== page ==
Marketing in a World Gone Mobile by Chuck Martin, author of "THE THIRD SCREEN: Marketing to Your Customers in a World Gone Mobile."
Welcome to the mobile revolution.
The first screen—television—made it possible for brands like Procter & Gamble and Coca-Cola to reach millions of consumers. The second screen—the PC—allowed interactivity between companies and customers. But the third screen—the smartphone—takes marketing into a new dimension.
Mobile is in the process of revolutionizing the way companies big and small interact with consumers. Rather than the broadcast model of television and to some extent the internet, marketing to the untethered, mobile consumer is different in many ways.
First, the mobile phenomenon is massive and global, with roughly 5 billion cellphones in use, or 73 percent of the entire world population. In the US, the percentages are even higher, with about 297 million people owning a cell phone, or 94 percent of the population.
But the massive installed base of mobile phones is only a part of the story. The real key is what these devices can and will do, in terms of enabling and encouraging new consumer behaviors.
The untethered consumer seeks information or service based on what they’re doing, when and where they’re doing it. For the first time, marketers can link supply and demand with time and location in relation to current and potential and customers.
With location-based technologies built into smartphones, businesses can determine customer location in relation to their products or services and have the potential to reach out to those customers with relevant and valuable messages.
Of course, customers will be invited in and must agree to participate in such opportunities. This means companies must devise offers that are of high-enough value to incent customers to opt in. Offers could include special, unpublicized deals, on-the-spot discounts or added rewards.
For example, AT&T is using the location-based mobile marketing platform Placecast to create ShopAlerts to tap into mobile customers. By creating geo-fences around retailers’ locations, highly targeted messages can be delivered to consumers as they get within the perimeter of the particular store or near the point of sale.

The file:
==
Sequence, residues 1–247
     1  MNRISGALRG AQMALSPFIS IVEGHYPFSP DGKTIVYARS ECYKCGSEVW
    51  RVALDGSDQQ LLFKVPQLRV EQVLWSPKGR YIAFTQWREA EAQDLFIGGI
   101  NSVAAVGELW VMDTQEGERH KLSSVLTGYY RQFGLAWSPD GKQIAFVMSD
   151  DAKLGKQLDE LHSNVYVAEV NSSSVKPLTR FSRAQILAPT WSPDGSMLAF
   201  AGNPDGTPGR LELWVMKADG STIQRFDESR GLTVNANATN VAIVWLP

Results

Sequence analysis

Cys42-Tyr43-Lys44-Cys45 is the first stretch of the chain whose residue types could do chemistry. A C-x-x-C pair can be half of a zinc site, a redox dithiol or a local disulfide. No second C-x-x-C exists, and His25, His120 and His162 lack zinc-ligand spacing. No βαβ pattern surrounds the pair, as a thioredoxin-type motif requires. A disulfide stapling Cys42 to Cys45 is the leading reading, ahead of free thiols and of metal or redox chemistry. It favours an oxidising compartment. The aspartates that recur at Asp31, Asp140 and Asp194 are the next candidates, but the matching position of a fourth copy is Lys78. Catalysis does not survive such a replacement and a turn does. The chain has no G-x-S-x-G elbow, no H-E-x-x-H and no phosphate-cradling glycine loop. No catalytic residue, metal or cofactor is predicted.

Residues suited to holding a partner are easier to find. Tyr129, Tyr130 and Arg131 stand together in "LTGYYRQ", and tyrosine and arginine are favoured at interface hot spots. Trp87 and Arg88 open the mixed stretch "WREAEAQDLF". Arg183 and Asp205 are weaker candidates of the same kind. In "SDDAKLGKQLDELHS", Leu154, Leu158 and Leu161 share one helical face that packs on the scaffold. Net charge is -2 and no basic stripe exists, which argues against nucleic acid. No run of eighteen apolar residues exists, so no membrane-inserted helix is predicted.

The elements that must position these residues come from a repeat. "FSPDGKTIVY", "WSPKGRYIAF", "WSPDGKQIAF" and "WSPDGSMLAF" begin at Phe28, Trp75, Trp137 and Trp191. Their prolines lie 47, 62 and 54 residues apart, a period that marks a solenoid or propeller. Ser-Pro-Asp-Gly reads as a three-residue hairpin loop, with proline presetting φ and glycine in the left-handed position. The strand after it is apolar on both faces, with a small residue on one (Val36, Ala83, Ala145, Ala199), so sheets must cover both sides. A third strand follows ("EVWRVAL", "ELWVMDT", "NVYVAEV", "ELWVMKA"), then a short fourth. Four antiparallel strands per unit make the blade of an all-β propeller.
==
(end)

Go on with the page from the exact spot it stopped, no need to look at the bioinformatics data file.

Advertising partners of AT&T, including Kmart, JetBlue, HP, Kibbles ‘n Bits and SC Johnson are participating. To incent customers to join in, S.C. Johnson will have a geo-fence around its Target stores offering discounts to mobile shoppers. JetBlue uses the geo-fences around airports to give award points when travelers in its frequent flyer program check in with JetBlue’s mobile app.
Mobile marketing is highly personal, since the mobile phone is an individual’s device, personalized and pulled forward to be used by each person. Companies need to be allowed in by the mobile consumer and they can just as easily be invited out at any time. This makes the mobile relationship between company and customer delicate. The company can stay as long as they provide value to the individual.
In return, the best and most engaged customers can be highly connected to a company or brand. In a world gone mobile, the customer is in the driver’s seat. Everything starts there, with the phone.
To stay relevant in the mobile revolution, companies should consider these concrete steps:
Mobile is a game changer. Those companies that do not get this – and soon – will find themselves left on the sidelines.
Chuck Martin is CEO of Mobile Future Institute and Director of The Center for Media Research at MediaPost Communications. He is the author of THE THIRD SCREEN: Marketing to Your Customers in a World Gone Mobile (Nicholas Brealey, May 2011).
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